Every person has an identity: the characteristics, feelings, and beliefs that make an individual distinctly themselves. Often, part of an individual’s identity comes from proximity to a particular social group, such as nationality, ethnicity, or political group. But ultimately, what an individual chooses to identify with is entirely their own decision. Or, at least, it should be.
Before arriving in the Netherlands, I identified as Zambian first and Bemba, a tribal and ethnic group, second. Suddenly, it seemed like ‘black’ became my defining feature, even though ‘black’ had never been part of my identity. I grew up in a household where the most significant differences between my white South African father and black Zambian mother were cultural, not racial.
Growing up in Lusaka, Zambia, the concept of race as a social identity was not often the most prominent topic of discussion. Lusaka is a multicultural city in more ways than one. It is home to many races, tribes, and ex-pats from all over the world. Because of this immense cultural diversity, most people identify with their nationality or ethnicity before ever considering the role that race plays in their identity. I wasn’t any different. Despite being labelled mixed-race in Zambia, it had little influence on my identity. There was no mixed-race culture, mixed-race community, or mixed-race identity.
While I can attest to the cultural similarities between predominantly ‘black’ cultures, there are key cultural differences even between tribes within the same country. I recently attended a social event hosted by the African Caribbean Student Association, which welcomes African and Caribbean diaspora from all over the world living and studying in Groningen.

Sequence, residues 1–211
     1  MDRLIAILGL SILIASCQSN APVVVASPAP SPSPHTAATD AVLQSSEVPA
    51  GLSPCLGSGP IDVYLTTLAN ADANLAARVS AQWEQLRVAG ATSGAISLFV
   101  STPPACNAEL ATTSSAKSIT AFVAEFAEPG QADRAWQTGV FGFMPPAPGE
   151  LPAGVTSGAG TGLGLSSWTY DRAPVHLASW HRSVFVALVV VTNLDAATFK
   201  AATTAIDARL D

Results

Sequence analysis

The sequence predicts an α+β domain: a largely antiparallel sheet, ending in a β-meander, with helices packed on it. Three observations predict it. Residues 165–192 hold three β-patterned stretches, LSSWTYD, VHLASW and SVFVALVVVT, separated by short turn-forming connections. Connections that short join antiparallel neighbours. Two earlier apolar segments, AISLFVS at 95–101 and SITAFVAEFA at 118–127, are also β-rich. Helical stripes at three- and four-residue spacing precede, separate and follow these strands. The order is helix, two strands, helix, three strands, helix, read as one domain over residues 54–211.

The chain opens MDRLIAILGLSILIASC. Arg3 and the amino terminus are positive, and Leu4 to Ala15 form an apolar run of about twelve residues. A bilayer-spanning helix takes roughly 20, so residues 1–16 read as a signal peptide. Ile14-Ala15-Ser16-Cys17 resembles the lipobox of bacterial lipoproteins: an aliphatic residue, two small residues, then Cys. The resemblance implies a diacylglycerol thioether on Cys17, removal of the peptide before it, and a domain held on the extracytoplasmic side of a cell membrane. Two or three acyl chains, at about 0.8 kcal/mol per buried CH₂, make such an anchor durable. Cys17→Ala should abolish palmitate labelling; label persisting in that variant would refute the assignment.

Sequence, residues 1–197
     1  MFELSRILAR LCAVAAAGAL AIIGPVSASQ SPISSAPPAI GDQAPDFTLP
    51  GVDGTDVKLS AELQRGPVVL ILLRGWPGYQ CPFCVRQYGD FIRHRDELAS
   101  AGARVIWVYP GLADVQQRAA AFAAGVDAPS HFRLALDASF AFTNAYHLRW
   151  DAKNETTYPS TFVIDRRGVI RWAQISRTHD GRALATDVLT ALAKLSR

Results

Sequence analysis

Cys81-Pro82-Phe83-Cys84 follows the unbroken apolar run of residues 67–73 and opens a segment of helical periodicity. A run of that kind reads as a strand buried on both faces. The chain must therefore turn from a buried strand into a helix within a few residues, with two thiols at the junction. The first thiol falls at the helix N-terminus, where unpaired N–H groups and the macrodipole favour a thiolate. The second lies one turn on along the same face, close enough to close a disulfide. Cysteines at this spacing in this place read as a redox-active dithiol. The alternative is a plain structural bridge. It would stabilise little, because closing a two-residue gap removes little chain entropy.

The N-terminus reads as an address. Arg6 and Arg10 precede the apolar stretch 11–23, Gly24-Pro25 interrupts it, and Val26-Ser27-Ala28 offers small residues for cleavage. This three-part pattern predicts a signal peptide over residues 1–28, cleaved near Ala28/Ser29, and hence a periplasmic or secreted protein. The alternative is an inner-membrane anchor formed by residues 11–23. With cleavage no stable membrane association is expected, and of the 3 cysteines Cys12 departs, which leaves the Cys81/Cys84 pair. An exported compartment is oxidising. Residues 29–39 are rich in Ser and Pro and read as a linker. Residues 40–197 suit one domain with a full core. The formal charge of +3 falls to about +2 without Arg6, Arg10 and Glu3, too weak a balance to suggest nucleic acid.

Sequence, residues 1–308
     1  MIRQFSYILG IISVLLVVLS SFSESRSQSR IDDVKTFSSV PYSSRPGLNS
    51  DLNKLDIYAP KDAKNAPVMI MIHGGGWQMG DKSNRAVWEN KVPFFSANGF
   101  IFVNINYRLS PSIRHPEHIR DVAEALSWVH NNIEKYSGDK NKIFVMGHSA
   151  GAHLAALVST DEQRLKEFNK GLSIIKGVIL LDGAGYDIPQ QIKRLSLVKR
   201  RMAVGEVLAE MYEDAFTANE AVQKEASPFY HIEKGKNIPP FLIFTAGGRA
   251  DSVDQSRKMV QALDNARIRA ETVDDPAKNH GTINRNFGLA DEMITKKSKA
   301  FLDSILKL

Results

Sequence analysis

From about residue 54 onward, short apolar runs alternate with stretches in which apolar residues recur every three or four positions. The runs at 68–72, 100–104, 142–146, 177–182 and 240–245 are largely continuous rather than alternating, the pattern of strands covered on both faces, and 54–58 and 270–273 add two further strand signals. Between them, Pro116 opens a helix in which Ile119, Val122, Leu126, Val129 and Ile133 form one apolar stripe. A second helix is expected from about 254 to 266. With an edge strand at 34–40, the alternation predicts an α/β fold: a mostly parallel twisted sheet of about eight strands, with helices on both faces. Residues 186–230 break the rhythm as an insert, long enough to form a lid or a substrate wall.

Members of ACSA were from Africa and the Caribbean, but also North America and Europe. Among this collective group of black people, who others may see as homogenous, were genuine cultural differences. Just as the Dutch are culturally different from Germans, Zambians are different from Zimbabweans. Africans are different from Caribbeans. While there were clear cultural divides, there was also a great sense of belonging and togetherness present.
A Nigerian Italian student described her experience as a member of the ACSA as life-changing. Having grown up in a small Italian village, her family was the only black family, so she had never been in a room surrounded by people who looked like her outside her family. This is often the experience of black people who live in homogeneously white spaces. I had quite a different experience. I was lucky enough to grow up around people that looked like me, so I had never considered the importance of the black community until that night.
In a city like Groningen, where there aren’t many people of colour, there is a need for community. This need surpasses cultural differences, mainly because skin colour determines how you will be treated in society. This commonality between black people forms a social group, which to some, forms their identity. I feel more culturally similar to a black Italian than a white Italian. However, I recognise that I relate better to white Zambians than I do to other any other nationalities because my nationality ultimately forms the biggest part of my identity.
We are each in control of our individual identities, and as global citizens, we are responsible for respecting each other’s identities and recognising that this is a nuanced discussion. Not everything is black and white.